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Title: What is the potential of Community Supported Agriculture to promote resilience and contribute to transition in the UK?
Author: Humphrey, Ian
ISNI:       0000 0004 6349 110X
Awarding Body: University of Sheffield
Current Institution: University of Sheffield
Date of Award: 2017
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This thesis interrogates the potential of, and constraints upon, Community Supported Agriculture (CSA) to effect socio-cultural and political change in the UK. CSA is a potentially transformative yet under-developed model of agriculture that seeks to redress a range of social, economic, and environmental problems associated with conventional agriculture. There are fewer than 100 schemes in the UK at present, a total comparable to that in North America approximately 20 years ago where numbers now exceed 6000. This study, in part, addresses the potential of CSA to ‘scale up’ and ‘scale out’ across the UK. My methodology consisted of an extended ethnographic comparison of two nascent and contrasting CSA schemes in rural west Wales and peri-urban south Yorkshire. My research methods comprised a 2 year-long participant observation as a member of the executive body of both case studies and simultaneous in-depth interviews with key CSA participants. I argue that the community of CSA is reciprocally reproduced at multiple scales from the local to the global. I contend that CSA depends on different forms of social capital for its constitution and reproduction, although social capital is a limited and unreliable resource that, depending on its availability, can encourage or hinder the development of CSA. I argue that the moral economy of CSA has inherent structural tensions between ethical and economic values that CSA schemes continually navigate through a spectrum of instrumental and collaborative approaches. I develop my previous arguments regarding the limits of social capital at my case studies and the immanent tension between instrumental and collaborative approaches to CSA to argue that both my CSAs had constrained capacity and were reliant on volunteerism to an extent that I characterised as a form of sacrifice. However both case studies retained a fragile and circumstantial resilience and exhibited potential to contribute to socio-technical transformation.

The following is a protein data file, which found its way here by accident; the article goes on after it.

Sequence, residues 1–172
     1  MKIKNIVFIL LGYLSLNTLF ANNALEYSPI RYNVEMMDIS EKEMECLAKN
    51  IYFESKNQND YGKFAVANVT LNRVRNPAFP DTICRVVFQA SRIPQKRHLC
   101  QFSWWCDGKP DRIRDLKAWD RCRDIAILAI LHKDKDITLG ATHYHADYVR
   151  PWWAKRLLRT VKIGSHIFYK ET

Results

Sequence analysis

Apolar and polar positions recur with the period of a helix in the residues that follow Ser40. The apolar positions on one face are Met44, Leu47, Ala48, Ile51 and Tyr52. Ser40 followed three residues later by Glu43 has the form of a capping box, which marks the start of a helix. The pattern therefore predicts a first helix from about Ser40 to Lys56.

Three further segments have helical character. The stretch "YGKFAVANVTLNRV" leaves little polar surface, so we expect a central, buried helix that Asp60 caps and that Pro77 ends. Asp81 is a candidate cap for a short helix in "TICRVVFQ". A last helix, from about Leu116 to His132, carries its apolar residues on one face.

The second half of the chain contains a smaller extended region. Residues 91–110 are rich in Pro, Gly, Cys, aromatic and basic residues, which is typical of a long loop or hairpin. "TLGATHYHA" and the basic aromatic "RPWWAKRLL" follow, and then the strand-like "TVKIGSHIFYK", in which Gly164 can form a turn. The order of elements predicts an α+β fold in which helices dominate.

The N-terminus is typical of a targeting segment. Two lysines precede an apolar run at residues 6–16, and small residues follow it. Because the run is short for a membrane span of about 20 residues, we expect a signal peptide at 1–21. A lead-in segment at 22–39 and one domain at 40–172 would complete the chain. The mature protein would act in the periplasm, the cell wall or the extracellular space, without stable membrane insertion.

Supervisor: Watson, Matt ; Jackson, Peter Sponsor: Not available
Qualification Name: Thesis (Ph.D.) Qualification Level: Doctoral
EThOS ID:  DOI: Not available